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‘Monumental’ housing bill funds $500 million in S.F. affordable projects, accelerates 3,300 units

October 1, 2015

By Roland Li : bizjournal – excerpt

A new state bill passed last week will result in around $500 million in additional funding for affordable housing and accelerate 3,300 units in affordable housing projects at San Francisco’s Hunters Point Shipyard, Transbay Transit Center and Mission Bay, according to city officials.

The new law, SB 107, gave special authority to San Francisco to use bond financing to partially fund new affordable housing. (No other city received that power, and San Francisco has had more leverage to use the tool because it is both a county and a city.) The new funding tool helps to offset the closing of redevelopment agencies, which were shut down in 2012 and removed billions for affordable housing around the state, said Tiffany Bohee, executive director of the city’s Office of Community Investment and Infrastructure, the successor agency to city’s Redevelopment Agency.

“This is monumental,” said Bohee. “We have absolute certainty on when that funding is.”

Without the new legislation, the process of funding thousands of new units would likely take 20 to 25 years. Now, the city is planning on completing the 3,300 affordable units with partners in the next five years, and the state law allows the city to issue bonds for all remaining affordable projects in the three neighborhoods. “It provides a financing mechanism, which in turn creates certainty and allows us to deliver these units faster,” said Bohee.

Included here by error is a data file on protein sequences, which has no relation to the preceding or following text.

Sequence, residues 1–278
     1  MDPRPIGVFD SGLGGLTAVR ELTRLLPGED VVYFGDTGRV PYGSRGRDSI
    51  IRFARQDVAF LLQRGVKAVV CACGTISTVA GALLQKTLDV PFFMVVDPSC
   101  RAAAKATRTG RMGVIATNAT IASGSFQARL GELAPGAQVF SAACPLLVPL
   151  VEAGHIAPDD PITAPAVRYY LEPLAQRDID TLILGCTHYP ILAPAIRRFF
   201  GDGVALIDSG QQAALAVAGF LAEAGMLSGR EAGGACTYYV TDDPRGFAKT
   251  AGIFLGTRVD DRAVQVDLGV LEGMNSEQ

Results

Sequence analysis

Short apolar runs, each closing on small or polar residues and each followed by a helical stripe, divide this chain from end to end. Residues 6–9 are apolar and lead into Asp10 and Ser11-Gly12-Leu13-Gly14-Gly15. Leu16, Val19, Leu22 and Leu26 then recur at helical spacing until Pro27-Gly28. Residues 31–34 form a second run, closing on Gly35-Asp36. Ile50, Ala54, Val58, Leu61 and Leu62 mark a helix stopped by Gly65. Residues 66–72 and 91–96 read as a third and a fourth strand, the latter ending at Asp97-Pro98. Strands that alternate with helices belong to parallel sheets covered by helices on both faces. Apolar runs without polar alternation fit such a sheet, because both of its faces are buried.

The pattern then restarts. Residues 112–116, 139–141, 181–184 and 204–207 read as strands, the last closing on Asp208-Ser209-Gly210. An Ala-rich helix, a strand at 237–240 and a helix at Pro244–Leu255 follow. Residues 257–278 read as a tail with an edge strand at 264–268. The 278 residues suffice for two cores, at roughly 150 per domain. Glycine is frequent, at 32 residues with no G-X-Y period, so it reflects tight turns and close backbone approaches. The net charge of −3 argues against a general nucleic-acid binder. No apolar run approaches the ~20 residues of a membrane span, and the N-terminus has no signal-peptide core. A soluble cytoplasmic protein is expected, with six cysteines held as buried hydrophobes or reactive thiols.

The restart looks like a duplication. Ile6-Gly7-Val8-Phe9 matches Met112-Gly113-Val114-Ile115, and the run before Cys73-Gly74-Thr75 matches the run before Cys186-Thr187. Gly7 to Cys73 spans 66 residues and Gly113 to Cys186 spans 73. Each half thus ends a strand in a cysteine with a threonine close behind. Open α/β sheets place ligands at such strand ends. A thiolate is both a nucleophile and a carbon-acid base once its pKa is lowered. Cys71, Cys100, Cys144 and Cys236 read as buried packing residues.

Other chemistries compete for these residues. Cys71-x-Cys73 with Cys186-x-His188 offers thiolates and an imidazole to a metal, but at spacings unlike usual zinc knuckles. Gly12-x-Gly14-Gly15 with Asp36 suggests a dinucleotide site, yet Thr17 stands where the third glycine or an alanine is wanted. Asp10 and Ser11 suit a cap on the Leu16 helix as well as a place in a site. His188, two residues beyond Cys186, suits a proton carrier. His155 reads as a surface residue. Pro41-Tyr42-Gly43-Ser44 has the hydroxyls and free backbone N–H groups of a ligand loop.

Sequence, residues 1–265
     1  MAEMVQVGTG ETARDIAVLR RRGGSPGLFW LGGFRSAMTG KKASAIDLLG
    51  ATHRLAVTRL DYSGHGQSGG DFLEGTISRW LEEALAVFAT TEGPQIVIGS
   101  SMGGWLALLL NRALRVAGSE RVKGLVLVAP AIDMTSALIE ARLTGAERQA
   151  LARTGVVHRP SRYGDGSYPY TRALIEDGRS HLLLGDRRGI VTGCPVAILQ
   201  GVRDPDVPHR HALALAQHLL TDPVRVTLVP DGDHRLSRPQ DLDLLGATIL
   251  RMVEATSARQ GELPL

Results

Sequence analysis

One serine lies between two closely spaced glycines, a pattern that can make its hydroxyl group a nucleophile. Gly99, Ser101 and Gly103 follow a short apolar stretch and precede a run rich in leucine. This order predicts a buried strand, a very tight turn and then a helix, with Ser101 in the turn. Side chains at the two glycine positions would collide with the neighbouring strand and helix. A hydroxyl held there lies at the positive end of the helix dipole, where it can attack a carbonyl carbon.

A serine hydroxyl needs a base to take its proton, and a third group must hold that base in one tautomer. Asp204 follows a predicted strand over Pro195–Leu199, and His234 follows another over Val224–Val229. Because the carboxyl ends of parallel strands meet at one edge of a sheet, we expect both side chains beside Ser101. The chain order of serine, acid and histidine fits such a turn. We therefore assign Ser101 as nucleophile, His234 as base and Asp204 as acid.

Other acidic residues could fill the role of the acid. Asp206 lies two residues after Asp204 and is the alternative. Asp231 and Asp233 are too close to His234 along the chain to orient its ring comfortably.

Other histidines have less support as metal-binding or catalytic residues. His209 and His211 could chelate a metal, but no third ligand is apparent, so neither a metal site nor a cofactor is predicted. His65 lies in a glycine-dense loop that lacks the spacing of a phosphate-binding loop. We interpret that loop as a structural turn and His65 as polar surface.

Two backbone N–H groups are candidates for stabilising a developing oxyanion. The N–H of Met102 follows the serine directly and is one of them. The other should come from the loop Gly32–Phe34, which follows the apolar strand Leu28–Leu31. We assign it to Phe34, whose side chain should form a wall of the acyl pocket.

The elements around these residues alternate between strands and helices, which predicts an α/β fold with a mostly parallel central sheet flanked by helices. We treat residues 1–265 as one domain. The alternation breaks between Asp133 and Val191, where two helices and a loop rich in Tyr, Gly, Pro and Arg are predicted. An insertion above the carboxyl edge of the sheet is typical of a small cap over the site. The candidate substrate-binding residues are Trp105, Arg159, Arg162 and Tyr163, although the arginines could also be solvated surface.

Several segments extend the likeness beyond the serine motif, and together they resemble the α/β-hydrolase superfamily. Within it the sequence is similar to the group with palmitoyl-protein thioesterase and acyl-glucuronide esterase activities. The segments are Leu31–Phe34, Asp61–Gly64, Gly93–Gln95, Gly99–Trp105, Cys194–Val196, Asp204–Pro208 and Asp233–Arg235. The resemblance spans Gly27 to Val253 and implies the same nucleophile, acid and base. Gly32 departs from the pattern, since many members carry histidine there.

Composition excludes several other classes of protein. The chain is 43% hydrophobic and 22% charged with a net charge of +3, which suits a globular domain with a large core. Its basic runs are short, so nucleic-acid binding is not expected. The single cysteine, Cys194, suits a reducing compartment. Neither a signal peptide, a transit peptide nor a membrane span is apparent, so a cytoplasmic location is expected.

In the next year, OCII will release request for proposals for five affordable housing projects totaling 818 affordable units. The sites are Block 10A and 11A at Candlestick Point, Transbay Block 4 at Folsom and Main Streets, Hunters Point Shipyard Block 54 and Mission Bay South Block 6 at Merrimac Street. The city is also working on the redevelopment of the existing 179-unit Alice Griffith public housing project…

The revenue will provide about $250,000 of funding per housing unit, or about 40 percent of the total cost of around $600,000 per unit, an expense that has risen sharply due to a scarcity of construction workers and the high cost of building materials. The rest of the costs will be funded with a mix of state and federal sources and the low-income housing tax credit (more)

A shortage of construction workers and high cost of building materials is raising prices. This is the effect of supply and demand we hear so much about. Everything is connected. Once you start raising prices one place they have no where to go but up everywhere. Now wait for the interest rates to rise and send prices through the next roof right after Congress sets the budget based on last year’s rates.

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